1997 was quite a significant year for the Roslin Institute with “’Dolly, the sheep, ‘…the first mammal cloned from a cell from an adult animal…generated an amazing amount of interest from the world’s media.” (Griffin, Harry. ‘Dollymania’, University of Edinburgh Journal, XXXVIII: 2, December 1997, GB237 Coll-1362/4/1476). And so, it’s been exciting to find articles in the offprints discussing her and the issues of cloning, biotechnology, ethics – Dr. Grahame Bulfield even wrote a report to Parliament on what this breakthrough means for science!
Harry Griffin, former Assistant Director (Science) at the Roslin Institute in 1997’s article, ‘Dollymania’ (cited above) provides an insider’s point of view of how Dolly was produced and the science and research involved. He writes,
Dolly was produced from cells that had been taken from the udder of a 6-year old Finn Dorset ewe and cultured for several weeks in the laboratory. Individual cells were then fused with unfertilised eggs from which the genetic material had been removed and 29 of these ‘reconstructed’ eggs – each now with a diploid nucleus from the adult animal – were implanted in surrogate Blackface ewes. One gave rise to a live lamb, Dolly, some 148 days later. Other cloned lambs were derived in the same way by nuclear transfer from cells taken from embryonic and foetal tissue.
On Monday, Dolly provided the lead story in most of the papers and Roslin Institute was besieged by reporters and TV crews from all over the world…. Dolly rapidly became the most photographed sheep of all time and was invited to appear on a chat show in the US. Astrologers asked for her date of birth and PPL’s share price rose sharply. President Bill Clinton called on his bioethics’ commission to report on the ethical implications within 90 days and Ian Wilmut was invited to testify to both the UK House of Commons and the US Congress…. Dolly Parton sad she was ‘honoured’ that we have named our progeny after her and that there is no such thing as ‘baaaaaed publicity’. Sadly, we also received a handful of requests to resurrect relatives and loved pets.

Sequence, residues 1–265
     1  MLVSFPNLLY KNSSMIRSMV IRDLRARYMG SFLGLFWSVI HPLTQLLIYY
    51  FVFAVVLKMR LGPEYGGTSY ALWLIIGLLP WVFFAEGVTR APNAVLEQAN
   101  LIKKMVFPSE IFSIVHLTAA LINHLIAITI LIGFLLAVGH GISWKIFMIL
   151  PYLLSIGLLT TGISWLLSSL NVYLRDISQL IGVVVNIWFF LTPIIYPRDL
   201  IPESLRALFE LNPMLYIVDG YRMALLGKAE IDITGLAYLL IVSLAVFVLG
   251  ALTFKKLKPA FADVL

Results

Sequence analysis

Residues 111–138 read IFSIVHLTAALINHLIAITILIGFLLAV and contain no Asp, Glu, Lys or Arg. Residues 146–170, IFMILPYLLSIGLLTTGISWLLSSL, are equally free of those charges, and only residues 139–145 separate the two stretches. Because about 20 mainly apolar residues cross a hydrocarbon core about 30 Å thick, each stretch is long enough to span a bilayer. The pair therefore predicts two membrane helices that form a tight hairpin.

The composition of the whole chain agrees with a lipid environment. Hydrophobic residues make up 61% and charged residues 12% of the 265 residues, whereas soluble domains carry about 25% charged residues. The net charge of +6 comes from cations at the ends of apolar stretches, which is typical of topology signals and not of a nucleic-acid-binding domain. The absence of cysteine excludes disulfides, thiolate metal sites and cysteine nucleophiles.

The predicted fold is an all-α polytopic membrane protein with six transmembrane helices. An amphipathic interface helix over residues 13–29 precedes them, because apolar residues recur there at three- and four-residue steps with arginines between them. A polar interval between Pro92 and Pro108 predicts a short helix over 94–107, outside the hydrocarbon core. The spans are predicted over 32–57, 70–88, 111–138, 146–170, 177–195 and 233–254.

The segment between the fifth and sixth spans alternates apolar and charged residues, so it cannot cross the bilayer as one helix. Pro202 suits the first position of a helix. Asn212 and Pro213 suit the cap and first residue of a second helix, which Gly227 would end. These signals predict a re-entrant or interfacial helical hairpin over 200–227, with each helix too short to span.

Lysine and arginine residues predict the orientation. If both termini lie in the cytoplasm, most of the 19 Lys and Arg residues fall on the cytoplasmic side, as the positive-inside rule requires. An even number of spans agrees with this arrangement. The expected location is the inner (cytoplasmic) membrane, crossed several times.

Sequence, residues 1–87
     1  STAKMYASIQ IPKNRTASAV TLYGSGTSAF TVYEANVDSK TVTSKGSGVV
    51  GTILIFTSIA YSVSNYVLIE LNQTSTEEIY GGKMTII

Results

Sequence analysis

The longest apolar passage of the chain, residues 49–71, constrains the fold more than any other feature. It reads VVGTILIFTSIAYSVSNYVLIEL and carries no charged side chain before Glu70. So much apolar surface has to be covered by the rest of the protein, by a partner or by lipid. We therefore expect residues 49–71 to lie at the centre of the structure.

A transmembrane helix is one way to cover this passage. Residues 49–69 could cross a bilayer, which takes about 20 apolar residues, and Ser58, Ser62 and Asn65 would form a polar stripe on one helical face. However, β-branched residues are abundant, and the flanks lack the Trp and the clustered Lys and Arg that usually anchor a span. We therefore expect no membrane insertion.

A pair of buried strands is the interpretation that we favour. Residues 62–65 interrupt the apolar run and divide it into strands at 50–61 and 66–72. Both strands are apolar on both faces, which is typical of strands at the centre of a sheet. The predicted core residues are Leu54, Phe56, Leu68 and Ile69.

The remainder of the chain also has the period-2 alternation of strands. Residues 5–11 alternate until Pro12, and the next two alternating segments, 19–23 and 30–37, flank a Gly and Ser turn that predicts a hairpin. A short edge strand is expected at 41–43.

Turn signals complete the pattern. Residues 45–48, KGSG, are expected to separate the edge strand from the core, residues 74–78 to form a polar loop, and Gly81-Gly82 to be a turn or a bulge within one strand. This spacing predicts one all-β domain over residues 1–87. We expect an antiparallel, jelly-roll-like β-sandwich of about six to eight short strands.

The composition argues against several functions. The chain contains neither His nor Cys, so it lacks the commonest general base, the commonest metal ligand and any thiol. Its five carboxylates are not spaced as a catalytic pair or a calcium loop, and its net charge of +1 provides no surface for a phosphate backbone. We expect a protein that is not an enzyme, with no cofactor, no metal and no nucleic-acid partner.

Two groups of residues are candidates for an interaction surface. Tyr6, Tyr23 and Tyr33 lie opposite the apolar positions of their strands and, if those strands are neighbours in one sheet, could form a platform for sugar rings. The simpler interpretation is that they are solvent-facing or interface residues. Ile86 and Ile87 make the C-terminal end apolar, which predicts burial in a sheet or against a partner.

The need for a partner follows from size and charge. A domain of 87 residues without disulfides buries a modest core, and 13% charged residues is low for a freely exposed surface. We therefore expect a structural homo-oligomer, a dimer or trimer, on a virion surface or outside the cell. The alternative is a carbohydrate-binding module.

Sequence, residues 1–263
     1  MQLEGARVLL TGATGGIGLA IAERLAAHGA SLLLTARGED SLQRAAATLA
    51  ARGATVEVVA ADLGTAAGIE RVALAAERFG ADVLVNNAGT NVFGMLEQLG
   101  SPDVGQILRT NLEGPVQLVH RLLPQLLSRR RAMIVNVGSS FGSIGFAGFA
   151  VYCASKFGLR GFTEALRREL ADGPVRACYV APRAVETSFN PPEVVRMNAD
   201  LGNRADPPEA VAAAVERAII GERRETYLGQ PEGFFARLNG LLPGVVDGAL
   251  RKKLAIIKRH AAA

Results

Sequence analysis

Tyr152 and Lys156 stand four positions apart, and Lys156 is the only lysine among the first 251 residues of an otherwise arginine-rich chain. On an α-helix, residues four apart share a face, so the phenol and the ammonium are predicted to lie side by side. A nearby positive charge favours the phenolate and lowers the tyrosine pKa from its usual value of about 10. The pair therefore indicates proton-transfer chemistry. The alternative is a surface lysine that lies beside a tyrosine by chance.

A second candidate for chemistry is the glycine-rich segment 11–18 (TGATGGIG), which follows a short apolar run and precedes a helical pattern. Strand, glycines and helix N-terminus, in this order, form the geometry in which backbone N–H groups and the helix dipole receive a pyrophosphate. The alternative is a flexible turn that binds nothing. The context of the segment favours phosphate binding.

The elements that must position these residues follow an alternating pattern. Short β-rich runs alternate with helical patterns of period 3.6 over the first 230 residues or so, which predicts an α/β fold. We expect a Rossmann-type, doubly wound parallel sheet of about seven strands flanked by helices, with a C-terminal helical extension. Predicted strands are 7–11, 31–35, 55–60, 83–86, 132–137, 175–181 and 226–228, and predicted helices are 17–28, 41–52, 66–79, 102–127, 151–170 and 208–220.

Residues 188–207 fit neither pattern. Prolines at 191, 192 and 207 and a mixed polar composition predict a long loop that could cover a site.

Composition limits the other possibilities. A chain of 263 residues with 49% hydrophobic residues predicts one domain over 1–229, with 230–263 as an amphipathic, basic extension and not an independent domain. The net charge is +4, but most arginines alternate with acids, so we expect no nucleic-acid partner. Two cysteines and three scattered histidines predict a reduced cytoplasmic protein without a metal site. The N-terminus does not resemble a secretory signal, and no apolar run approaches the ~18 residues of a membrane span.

In the article, ‘Seven days that shook the world’ by Harry Griffin and Ian Wilmut in New Scientist, 22 March 1997 also describe the reality of the science of cloning in the face of intense media speculation and reportage.
Dr. Grahame Bulfield, former Director of the Roslin Institute, wrote several articles in 1997 on biotechnology, ethics, livestock and cloning. In some articles, he writes generally on the techniques of genetic engineering, genome analysis, and embryo manipulations and provides a biological context of these new technologies. (GB237 Coll-1362/4/1394 – 1400). He discusses Dolly more directly in the article, ‘Dit is pas het begin’ in the Dutch journal Natuur & Techniek, No. 8, 1997 (4/1376) and The Roslin Institute and Cloning an address to the Parliamentary and Scientific Committee in Science in Parliament, Vol. 54, No. 5, September/October 1997 (4/1400). In this particular article he writes specifically about Dolly:
As you know we have been thrown into the middle of public debate recently with a considerable amount of public interest and concern about “Dolly”. Over a period of about five days we had 3,000 telephone calls, 17 TV crews and we basically ground to a halt. We are perfectly aware now of the issues that are raised , and I don’t believe that a scientific organisation like ours can do anything buy try and be proactive in terms of communicating new biotechnology advances to the public and Government and ensuring the issues involved are widely debated.